For Jeni, there was a mix of pride and trepidation, thinking about how her son no longer completely belonged to her. Watching Maya Angelou, the poet Mattie most revered, have him sit with her at a book signing. Hearing her tell him, “Some of your poetry is profound, some of it is simply pleasant.” Being at the Mall of America in front of a crowd that filled every level, and with Jerry Lewis at the Muscular Dystrophy Association Telethon. Being at an event where a mother came up to his wheelchair and grabbed the handles and, manically, refused to let go until security had to intervene. Looking above his bed in their apartment in the later years and seeing the poster of Liv Tyler he had kissed so much that he rubbed her lips away. Knowing he was also in love with Emma Watson, whom he would eventually meet. Remembering that Amazon reviewers castigated him, complaining that the whole thing was made up and the only reason any of it had ever happened was because he was sick.
This was happening while Jeni herself was diminishing. It was happening while Mattie was in the hospital coughing up blood, while the trach had denuded his airway, the skin sloughing off, and while he was having bouts of respiratory distress. She’d meet with doctors to go over every possible treatment they could think of—would the side effects kill him?—and ask Mattie his opinion on how to proceed.
“I wish I could’ve said it made me feel really good, but I can’t,” Jeni says of her son’s fame. “It was both wonderful and overwhelming at the same time. And I still feel that. I have to tell you, it honestly wasn’t until years after he died that I began to get a sense of who my son really was in this world.”
Jeni learned that studying people was one of Mattie’s gifts, to say nothing of his way with words. One of his favorite things was to ride his wheelchair to the coffee shop or the ice-cream parlor. He would go to the local Safeway and introduce himself when people walked through the sliding doors—he knew the manager there, and the butcher. She knew him not as some wunderkind, some magical boy, but as a kid who sprayed whipped cream into his mouth every year on the last day of school, who cried when he held his best friend’s daughter, knowing he would never have a daughter of his own. She remembered how much she loved to hear him talk, to sit and have tea with him at the little table in their condo in the afternoon.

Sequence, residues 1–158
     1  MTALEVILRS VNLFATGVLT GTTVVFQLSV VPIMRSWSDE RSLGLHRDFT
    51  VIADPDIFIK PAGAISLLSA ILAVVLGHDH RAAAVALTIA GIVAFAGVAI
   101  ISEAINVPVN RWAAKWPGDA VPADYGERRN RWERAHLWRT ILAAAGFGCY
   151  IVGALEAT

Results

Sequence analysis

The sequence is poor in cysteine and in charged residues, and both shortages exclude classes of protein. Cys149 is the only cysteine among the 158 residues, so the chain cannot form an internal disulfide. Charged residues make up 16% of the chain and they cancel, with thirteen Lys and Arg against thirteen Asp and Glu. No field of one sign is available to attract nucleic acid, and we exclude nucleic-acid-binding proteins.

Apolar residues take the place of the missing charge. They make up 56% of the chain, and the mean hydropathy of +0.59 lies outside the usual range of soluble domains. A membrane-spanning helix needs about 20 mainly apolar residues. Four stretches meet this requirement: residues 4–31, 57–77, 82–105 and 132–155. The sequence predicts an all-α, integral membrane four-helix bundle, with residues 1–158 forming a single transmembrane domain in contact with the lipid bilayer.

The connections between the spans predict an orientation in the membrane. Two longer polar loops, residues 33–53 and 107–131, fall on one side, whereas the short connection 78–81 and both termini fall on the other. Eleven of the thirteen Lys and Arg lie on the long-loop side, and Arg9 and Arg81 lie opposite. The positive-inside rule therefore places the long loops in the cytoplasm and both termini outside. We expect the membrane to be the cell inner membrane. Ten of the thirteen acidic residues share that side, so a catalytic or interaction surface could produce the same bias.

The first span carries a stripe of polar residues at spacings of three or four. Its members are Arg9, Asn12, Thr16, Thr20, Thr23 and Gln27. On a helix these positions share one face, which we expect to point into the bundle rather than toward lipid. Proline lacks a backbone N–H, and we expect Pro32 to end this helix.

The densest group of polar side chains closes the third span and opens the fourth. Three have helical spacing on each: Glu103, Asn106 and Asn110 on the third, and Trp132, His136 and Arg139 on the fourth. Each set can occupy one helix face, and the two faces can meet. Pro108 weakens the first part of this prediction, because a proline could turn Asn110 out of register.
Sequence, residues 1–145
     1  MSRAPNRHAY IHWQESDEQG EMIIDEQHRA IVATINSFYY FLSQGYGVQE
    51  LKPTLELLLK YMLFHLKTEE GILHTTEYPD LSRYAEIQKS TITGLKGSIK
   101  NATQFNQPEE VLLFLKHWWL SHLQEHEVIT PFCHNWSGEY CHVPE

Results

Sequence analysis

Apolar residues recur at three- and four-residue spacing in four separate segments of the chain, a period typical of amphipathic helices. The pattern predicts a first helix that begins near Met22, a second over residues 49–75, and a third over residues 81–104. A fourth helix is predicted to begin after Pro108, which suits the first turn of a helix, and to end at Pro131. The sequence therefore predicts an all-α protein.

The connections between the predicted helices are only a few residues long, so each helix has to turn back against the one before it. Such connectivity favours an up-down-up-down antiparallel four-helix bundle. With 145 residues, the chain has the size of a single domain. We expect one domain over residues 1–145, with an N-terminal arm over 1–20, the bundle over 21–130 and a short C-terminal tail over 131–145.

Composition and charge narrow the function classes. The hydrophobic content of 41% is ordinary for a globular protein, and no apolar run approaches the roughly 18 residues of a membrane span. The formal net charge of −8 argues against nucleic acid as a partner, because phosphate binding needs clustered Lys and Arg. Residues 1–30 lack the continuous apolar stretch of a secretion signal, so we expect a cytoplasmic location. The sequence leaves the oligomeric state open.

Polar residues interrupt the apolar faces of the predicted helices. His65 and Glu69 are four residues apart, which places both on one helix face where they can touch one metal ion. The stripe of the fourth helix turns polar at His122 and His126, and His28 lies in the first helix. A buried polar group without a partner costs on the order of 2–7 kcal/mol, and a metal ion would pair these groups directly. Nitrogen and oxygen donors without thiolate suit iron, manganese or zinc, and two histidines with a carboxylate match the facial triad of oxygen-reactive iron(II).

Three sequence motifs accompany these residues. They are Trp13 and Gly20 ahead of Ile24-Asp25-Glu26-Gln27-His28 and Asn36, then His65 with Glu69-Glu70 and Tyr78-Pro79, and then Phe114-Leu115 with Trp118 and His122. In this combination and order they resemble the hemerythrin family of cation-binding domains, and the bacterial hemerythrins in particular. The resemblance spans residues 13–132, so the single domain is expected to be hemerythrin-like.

But there was one thing she didn’t want to think about, or even entertain. From 2003 to 2004, after he turned 13, he wanted to talk to her about this feeling that he was going to die, and about her plans after he was gone. She wouldn’t listen. He told her best friend, Sandy Newcomb, “You’ve got to tell my mother I’m dying.”
“He was saying, I don’t see summer camp, I don’t see Thanksgiving. This is going to happen, I don’t know when, but it’s happening. And you need to accept this. It was during those months that I really did not do what I should’ve done for my son,” Jeni says. “I was there for him. But I could not be there with him. I’ll regret that till my dying breath. Saying to him, ‘I’m sorry, I’m scheduled to have coffee with Sandy,’ or ‘Hold that thought, buddy.’ I did everything I could to end the conversation quickly. Even in his final weeks, I encouraged him to be strong. I should’ve just sat there and held him.”
Mattie went to the hospital in March 2004 and had three separate cardiac arrests—the first stopped his heart for 45 minutes. He was revived each time, and his eyes opened up, but in them was a heartbreaking sheen of recognition. Eventually, his muscles contracted so tightly that he lost the ability to speak. Even his bones began to break. He never went home.